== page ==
Despite state laws allowing those with medical marijuana cards to smoke the drug, federal law still lists it as illegal.
That makes it necessary for universities to ban it as well, university officials said, because EMU and other higher education institutions receive federal funds.
“State law conflicts with federal laws … which prohibit all drugs on campus,” said Bernice Lindke, EMU’s vice president for student affairs.
EMU regents made no comment as they unanimously approved the measure at a board meeting Tuesday.
The University of Michigan follows federal law in order to protect its federal funding, which could be yanked if it didn’t, said spokesman Rick Fitzgerald. It’s the same at Oakland University.
The policy is slightly different at Michigan State University. The school said it “will make certain accommodations for registered patients by waiving the requirement for them to live on campus or by allowing them to end their housing contract and move off campus without penalty,” said spokesman Kent Cassella.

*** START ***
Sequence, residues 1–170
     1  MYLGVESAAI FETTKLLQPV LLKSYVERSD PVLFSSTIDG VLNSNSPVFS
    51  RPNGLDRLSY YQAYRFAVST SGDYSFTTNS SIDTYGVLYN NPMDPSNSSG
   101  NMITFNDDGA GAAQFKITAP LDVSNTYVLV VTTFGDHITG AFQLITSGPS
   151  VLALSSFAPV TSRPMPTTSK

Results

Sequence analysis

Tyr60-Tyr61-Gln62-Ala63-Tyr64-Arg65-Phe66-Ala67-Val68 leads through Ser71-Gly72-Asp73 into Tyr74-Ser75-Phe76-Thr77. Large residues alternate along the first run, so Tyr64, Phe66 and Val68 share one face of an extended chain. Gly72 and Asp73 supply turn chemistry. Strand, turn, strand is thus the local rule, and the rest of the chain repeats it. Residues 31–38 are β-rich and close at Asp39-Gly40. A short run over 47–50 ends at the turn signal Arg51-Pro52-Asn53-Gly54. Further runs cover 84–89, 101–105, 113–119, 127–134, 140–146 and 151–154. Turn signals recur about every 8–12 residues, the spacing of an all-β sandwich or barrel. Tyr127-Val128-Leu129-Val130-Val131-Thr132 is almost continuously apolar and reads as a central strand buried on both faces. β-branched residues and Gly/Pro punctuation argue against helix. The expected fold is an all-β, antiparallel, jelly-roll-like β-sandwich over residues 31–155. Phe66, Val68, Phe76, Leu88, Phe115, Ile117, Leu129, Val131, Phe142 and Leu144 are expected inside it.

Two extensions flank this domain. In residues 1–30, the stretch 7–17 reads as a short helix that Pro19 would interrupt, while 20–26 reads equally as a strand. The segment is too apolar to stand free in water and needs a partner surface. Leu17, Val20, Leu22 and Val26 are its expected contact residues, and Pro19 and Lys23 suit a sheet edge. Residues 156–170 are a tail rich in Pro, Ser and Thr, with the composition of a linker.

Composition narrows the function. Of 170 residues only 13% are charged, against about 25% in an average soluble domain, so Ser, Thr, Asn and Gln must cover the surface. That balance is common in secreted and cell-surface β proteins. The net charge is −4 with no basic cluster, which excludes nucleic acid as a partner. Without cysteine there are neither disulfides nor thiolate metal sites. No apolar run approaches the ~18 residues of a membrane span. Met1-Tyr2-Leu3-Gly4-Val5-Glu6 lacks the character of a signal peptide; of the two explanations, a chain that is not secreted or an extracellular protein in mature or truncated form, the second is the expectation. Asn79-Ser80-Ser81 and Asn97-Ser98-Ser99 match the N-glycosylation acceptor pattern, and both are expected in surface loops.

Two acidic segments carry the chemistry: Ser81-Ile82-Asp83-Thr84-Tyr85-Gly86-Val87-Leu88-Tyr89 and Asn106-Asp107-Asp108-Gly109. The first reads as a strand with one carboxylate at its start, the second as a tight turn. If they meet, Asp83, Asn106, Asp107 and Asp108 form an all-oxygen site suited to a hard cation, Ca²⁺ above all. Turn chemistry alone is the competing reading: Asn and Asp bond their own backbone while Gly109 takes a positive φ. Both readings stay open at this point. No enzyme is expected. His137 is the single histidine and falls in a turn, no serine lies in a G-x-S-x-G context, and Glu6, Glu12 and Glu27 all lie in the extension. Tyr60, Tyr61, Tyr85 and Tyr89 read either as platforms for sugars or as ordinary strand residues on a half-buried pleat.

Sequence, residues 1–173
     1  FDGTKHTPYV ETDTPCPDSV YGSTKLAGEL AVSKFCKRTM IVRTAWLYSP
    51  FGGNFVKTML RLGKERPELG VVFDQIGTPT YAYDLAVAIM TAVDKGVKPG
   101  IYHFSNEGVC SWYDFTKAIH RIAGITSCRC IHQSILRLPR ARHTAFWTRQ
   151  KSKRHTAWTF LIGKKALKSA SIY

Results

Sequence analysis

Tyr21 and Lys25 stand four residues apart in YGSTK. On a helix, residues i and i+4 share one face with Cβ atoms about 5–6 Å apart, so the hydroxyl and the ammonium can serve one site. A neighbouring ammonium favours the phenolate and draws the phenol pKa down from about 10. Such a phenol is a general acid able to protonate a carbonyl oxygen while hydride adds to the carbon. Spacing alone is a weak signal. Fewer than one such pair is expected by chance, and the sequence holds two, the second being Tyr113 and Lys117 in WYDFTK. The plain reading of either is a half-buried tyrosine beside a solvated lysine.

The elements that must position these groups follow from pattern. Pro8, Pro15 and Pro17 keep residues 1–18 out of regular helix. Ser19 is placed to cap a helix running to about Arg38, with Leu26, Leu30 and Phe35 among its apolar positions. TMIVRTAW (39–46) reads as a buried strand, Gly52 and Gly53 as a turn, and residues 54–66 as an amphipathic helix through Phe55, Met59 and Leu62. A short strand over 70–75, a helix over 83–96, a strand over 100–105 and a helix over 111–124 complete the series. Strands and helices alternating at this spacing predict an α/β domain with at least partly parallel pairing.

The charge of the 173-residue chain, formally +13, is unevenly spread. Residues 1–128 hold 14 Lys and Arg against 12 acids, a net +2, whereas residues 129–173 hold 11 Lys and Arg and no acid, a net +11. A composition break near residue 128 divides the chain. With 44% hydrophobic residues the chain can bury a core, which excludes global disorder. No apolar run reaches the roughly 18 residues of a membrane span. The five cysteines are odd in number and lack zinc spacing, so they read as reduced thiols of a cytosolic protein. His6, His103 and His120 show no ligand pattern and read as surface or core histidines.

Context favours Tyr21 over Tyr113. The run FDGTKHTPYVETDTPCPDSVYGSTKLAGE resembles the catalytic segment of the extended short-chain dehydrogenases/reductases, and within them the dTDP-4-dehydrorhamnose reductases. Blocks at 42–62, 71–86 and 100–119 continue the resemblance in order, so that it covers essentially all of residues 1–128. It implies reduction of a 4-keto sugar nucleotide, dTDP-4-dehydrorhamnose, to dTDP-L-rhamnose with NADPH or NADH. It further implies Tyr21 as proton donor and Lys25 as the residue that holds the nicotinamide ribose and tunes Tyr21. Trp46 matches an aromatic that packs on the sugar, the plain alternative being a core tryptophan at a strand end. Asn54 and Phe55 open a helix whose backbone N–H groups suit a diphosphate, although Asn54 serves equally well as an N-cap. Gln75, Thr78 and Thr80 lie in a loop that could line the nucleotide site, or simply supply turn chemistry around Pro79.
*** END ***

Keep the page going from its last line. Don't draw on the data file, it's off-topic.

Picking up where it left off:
Wayne State University is currently reviewing its policy, said spokesman Matt Lockwood.
EMU sophomore Ted Walker said he didn’t think the ban would affect very many students.
“If they’re going to smoke it, they are just going to do it off campus,” he said.
The ban on medical marijuana hasn’t been an issue at Michigan’s campuses yet, various spokespeople said.
But the apparent conflict between federal drug laws and the Michigan law allowing use for medical purposes has been a hot topic recently.
In August, state Attorney General Bill Schuette and a collation of Republican lawmakers announced plans to tighten what they called loopholes in the law.
About 80,829 Michigan residents are certified to receive medical marijuana, according to the Michigan Department of Licensing and Regulatory Affairs.
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